Said to have been made on the day before its reappearance by the legendary clerical tailor Gammarelli (who have outfitted the popes since the 18th century), the camauro had not been seen on a living pontiff since John XXIII died in 1963 – John loved it so much his body, kept in a glass coffin on the Basilica’s main floor, wears it in death. In use since the 1100s, the cap was first intended as a means to keep the popes warm but, as tends to happen, it became such a status-symbol that their portraits would rarely be painted without its presence.
It’s not all that popular in the papal court, however; “You don’t hide your best asset,” said one Vatican veteran, referring to the shock of white hair which has earned the German pope the moniker of “His Fluffiness.”
Two weeks earlier, the annual papal trip to the statue of the Immacolata (commemorating Mary’s Immaculate Conception) on Rome’s Piazza di Spagna became another moment of glee for Catholic fashionistas when the pope rode in an open-top car wearing the “winter” mozzetta, a shoulder-cape made of the same material as the camauro and, yet again, trimmed with ermine. It, too, was returning for the first time in a long time, last being worn by Paul VI, who died in 1978.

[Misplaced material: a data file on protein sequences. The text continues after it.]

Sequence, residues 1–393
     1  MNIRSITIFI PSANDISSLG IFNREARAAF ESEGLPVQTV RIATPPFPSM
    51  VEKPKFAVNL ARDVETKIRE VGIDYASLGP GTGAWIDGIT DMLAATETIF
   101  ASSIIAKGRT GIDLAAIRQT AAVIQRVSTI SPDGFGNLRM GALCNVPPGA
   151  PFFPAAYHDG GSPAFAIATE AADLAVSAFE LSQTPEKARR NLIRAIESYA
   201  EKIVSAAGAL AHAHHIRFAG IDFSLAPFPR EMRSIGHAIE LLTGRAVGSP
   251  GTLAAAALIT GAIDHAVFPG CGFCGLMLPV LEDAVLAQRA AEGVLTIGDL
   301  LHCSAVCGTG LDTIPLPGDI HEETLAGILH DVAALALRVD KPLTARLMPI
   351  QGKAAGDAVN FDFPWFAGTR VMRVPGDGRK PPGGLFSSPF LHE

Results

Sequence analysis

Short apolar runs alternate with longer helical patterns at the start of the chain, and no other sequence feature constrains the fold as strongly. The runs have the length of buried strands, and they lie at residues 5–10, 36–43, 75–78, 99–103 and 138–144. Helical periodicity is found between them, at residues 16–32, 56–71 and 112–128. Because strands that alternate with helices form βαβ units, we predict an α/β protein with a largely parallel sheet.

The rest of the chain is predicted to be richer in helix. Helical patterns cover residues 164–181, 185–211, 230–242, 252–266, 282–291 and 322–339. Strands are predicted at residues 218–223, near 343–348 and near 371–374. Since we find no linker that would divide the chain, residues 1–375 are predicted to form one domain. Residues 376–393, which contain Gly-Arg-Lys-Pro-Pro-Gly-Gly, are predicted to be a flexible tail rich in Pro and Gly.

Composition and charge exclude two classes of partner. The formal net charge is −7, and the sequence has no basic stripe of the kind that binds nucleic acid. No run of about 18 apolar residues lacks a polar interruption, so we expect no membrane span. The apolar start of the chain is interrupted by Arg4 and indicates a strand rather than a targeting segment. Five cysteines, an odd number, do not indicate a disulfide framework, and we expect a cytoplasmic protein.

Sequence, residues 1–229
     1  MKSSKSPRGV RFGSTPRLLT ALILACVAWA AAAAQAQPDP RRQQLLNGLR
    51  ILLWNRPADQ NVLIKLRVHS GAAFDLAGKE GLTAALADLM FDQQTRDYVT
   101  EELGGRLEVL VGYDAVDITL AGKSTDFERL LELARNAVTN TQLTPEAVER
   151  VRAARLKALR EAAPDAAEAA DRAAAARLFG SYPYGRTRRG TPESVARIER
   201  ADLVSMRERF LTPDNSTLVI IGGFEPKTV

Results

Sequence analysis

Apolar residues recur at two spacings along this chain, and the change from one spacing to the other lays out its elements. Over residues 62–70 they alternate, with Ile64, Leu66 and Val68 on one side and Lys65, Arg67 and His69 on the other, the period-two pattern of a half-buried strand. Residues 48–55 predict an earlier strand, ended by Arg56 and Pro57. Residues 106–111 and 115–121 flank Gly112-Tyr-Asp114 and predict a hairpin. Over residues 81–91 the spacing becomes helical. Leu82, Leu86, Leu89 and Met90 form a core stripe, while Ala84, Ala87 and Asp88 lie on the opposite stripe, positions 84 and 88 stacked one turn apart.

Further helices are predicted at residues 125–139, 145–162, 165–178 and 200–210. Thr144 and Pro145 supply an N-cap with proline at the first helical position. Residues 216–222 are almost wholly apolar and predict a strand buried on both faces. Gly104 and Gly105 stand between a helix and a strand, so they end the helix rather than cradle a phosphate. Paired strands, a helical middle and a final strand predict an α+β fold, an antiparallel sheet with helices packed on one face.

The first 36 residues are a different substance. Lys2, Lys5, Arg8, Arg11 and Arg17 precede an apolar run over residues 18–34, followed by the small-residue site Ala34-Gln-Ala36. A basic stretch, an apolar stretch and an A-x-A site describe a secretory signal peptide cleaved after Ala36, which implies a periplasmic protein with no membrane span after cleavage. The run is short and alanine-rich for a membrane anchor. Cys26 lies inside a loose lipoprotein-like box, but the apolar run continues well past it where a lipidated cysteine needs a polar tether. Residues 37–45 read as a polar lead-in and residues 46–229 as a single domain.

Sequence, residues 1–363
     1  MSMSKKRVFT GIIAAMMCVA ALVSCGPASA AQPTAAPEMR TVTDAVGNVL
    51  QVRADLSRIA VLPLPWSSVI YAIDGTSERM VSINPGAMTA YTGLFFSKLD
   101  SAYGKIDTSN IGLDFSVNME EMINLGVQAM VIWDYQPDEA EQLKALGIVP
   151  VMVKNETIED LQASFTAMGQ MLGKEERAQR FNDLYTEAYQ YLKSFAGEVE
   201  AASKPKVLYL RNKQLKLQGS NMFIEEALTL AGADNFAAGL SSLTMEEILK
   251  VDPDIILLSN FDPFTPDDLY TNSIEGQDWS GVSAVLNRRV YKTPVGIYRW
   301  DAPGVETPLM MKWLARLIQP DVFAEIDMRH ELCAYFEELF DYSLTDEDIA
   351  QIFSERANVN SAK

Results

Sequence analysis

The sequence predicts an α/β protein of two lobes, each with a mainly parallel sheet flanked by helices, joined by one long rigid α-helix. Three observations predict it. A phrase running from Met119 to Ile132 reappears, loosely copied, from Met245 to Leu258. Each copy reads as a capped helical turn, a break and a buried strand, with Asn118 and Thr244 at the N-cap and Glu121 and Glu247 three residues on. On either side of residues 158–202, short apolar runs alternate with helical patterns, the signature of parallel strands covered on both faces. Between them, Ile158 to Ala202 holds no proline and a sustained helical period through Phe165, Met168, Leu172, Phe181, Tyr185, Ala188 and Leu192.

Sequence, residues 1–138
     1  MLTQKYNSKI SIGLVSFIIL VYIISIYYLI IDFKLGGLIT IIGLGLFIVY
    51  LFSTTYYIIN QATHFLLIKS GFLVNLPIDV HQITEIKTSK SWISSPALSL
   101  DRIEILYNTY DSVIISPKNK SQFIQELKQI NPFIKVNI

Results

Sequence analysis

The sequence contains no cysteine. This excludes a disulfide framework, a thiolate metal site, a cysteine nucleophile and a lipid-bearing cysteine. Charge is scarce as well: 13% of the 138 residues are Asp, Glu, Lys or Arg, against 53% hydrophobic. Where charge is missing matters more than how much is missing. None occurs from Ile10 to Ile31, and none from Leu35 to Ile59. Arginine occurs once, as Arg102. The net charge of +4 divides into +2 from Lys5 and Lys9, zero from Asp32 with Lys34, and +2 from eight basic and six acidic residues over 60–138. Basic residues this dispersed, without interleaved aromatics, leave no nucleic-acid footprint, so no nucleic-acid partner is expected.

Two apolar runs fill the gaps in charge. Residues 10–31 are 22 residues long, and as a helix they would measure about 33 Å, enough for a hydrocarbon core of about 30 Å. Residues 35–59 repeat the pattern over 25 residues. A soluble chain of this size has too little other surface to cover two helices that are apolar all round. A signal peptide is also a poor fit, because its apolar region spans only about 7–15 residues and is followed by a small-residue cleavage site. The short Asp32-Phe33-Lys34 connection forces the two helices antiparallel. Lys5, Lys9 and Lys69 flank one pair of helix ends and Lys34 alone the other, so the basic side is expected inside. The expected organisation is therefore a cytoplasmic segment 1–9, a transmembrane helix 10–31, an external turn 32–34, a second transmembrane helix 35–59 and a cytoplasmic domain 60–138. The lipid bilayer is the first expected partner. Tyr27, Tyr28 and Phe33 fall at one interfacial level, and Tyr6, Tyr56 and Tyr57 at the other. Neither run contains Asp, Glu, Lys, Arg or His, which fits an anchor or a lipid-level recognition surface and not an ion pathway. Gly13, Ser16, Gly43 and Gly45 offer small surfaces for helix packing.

Both garments were said to be Christmas gifts from two European princesses who are longtime members of Benedict’s inner circle. Even PETA weighed in – not to condemn the pontiff for wearing rabbit fur, but to commend his longtime advocacy for causes of animal rights.
Further proof that, ten months into his reign, Benedict is a pope of miracles.
His Favorite High-Hat